Site Plan for Sorority on Oxford OK’d

Ann Arbor planning commissioners acted on two requests related to converting a house at 515 Oxford for use as an annex to the Delta Gamma sorority. The action took place at the commission’s April 15, 2014 meeting.

Delta Gamma, Ann Arbor planning commission, The Ann Arbor Chronicle

Aerial view showing the location of 515 Oxford, south of Geddes and at the eastern end of South University.

First, commissioners granted a special exception use to allow the house to be used as a sorority. The main sorority house is located nearby at 626 Oxford.

In a separate vote, commissioners recommended approval of a “planned project” site plan, conditional on rezoning the site from R4A (multi-family dwelling) to R2B (two-family dwelling and student housing). The rezoning request, which the commission recommended for approval on Jan. 23, 2014, has been forwarded to the city council.

According to a staff memo, the timeline for this project is coordinated so that the site plan will be on the same council agenda as the second reading of the rezoning request.

The two-story house at 515 Oxford includes two one-story wings. It is currently a rental property with three units – a studio apartment, one-bedroom apartment, and four-bedroom apartment – and a maximum occupancy of 8 people. One of the units is in a former garage. The existing house was designed by George Brigham and built in 1940 as his home and architectural studio. He designed over 40 houses in Ann Arbor, including many in Arbor Hills and Barton Hills.

The proposal for a renovation would accommodate a maximum of 20 residents, including a required resident manager. The structure would be expanded, with an addition to be constructed in the back that roughly doubles the building’s square footage. An existing carport in the front would be glassed in and used as the front entry. The site would include four parking spaces and more than 10 bicycle parking spaces.

Planned projects allow for variations of the city’s area, height and placement requirements, if certain criteria are met. Among those criteria are “preservation of historical or architectural features.” In this case, reduced side and rear setbacks are being requested to allow the original footprint of the Brigham house and studio to be retained to preserve the house’s existing façade. The house is not located in a historic district.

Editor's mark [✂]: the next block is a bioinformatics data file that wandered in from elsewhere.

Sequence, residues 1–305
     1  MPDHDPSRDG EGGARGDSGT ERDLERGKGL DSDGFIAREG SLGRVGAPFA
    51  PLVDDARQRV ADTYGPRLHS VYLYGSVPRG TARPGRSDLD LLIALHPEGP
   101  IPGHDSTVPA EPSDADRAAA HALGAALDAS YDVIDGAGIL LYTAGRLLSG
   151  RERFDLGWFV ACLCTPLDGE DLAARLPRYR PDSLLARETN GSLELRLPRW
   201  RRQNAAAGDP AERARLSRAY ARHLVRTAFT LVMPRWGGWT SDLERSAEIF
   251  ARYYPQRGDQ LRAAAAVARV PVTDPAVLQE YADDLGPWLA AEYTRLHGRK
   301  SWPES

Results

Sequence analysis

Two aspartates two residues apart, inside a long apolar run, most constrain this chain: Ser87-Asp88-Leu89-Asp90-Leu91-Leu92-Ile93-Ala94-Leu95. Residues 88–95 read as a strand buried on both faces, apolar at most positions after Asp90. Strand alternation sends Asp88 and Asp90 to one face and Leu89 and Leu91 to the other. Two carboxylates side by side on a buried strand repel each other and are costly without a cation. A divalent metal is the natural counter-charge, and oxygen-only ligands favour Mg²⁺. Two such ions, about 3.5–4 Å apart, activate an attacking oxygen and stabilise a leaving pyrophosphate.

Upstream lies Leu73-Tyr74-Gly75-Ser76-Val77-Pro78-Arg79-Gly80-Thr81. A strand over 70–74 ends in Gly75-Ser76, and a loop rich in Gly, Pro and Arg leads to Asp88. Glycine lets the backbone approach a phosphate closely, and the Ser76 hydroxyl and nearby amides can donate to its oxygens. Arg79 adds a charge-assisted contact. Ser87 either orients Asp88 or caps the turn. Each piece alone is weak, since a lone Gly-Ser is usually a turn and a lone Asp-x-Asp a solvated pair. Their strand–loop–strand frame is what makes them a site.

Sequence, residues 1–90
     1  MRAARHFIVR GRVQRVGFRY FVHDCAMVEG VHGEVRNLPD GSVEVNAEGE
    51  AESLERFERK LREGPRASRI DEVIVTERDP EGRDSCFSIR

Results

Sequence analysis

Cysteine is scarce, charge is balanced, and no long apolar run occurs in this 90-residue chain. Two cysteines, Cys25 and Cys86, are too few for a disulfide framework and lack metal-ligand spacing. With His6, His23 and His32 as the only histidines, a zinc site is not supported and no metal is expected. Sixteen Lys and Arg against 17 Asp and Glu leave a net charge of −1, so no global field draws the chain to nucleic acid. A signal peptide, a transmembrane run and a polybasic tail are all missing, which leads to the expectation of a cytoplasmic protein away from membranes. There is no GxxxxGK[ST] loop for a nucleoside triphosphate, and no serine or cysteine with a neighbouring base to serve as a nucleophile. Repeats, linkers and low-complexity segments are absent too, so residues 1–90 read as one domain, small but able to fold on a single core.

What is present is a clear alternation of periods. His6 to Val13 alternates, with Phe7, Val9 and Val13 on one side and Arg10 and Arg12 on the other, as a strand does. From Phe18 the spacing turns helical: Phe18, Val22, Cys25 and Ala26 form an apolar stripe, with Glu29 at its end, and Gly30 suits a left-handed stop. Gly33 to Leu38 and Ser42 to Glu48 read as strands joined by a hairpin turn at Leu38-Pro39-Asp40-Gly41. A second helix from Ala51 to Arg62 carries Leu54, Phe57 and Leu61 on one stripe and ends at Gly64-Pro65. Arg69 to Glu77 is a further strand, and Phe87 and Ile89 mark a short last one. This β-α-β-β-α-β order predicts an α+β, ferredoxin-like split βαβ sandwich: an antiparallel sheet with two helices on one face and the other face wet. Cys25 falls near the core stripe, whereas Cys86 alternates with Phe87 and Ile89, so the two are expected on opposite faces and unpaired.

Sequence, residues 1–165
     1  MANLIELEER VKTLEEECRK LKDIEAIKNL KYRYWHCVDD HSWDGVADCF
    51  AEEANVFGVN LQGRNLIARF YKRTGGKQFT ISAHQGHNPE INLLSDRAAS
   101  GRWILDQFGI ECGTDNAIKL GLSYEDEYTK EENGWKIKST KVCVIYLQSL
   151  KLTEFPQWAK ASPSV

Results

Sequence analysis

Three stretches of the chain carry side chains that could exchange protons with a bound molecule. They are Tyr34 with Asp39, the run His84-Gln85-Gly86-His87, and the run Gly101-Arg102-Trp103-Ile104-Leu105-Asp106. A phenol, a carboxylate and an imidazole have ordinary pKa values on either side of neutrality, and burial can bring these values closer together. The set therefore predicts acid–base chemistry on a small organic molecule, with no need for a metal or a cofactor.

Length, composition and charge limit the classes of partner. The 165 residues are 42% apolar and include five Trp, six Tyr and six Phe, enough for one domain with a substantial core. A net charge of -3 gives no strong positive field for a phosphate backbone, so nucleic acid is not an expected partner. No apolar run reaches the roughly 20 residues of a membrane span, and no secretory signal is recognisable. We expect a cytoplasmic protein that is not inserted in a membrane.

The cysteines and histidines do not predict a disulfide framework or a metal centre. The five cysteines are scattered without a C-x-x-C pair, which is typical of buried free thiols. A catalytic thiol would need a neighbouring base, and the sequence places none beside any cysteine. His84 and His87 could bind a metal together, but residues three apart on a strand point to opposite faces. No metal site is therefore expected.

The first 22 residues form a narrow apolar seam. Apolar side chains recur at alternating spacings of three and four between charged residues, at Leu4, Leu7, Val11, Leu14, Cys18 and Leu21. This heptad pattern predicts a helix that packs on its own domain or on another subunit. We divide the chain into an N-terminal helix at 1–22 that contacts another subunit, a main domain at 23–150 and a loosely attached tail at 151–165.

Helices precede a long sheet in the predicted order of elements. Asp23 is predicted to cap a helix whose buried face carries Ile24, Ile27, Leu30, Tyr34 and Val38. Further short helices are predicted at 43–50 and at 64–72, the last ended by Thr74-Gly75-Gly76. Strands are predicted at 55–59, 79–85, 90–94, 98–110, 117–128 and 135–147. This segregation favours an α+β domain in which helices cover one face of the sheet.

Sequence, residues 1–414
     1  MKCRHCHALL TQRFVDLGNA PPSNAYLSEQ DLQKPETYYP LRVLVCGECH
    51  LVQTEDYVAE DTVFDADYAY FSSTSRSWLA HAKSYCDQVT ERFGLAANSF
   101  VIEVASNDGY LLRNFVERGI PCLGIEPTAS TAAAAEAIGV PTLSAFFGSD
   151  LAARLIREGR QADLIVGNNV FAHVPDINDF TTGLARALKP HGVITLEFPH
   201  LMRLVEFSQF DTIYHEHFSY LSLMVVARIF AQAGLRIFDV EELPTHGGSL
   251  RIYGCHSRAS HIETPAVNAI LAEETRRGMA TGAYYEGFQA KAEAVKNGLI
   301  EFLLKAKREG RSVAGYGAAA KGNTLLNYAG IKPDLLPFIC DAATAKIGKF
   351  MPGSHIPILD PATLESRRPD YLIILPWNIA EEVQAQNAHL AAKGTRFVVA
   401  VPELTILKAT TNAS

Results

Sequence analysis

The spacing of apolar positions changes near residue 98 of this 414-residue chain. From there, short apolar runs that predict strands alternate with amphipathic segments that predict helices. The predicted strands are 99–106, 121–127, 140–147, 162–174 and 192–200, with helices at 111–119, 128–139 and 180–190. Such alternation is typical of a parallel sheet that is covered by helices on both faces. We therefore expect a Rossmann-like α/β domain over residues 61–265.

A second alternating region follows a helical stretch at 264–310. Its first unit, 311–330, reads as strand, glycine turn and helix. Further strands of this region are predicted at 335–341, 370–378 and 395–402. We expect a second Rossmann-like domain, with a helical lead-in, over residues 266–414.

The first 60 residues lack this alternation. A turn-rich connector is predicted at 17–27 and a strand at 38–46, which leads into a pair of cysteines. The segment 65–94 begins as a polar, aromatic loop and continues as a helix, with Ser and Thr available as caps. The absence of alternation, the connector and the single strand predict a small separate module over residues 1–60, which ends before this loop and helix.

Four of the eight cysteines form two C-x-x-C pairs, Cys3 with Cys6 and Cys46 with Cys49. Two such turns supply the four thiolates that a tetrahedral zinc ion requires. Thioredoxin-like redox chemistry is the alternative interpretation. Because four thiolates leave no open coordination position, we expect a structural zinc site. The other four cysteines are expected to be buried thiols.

The commission received more than a dozen letters and emails about this project. Several communications focused on concerns about compromising the building’s historic integrity – from representatives of the Detroit Area Art Deco Society, the Michigan State Historic Preservation Board, the Washtenaw County Historic District Commission, and a2modern, a group created to highlight mid-century modern architecture in Ann Arbor.

Communications were also received in support of the project from sorority representatives and neighbors. One email from George Price was particularly pointed:

Apparently, this property was designed by some distant relative of mine, and now there is a bunch of whining from various relatives about how turning the property into housing for Michigan students is some kind of crime against humanity or some such nonsense. But I have been asked by people who otherwise couldn’t pick me out of a lineup to email you expressing my love of this house I was once dragged to kicking and screaming.

You can tear the place down for all I care, and I hope you do, just so I can laugh at the complaints of these idiots. Definitely don’t waste the public’s resources debating the completely legal rezoning of this property any further.

The site is owned by Dan Pampreen and is located in Ward 2. The project is estimated to cost about $250,000.

This brief was filed from the second floor council chambers at city hall, 301 E. Huron St. A more detailed report will follow: [link]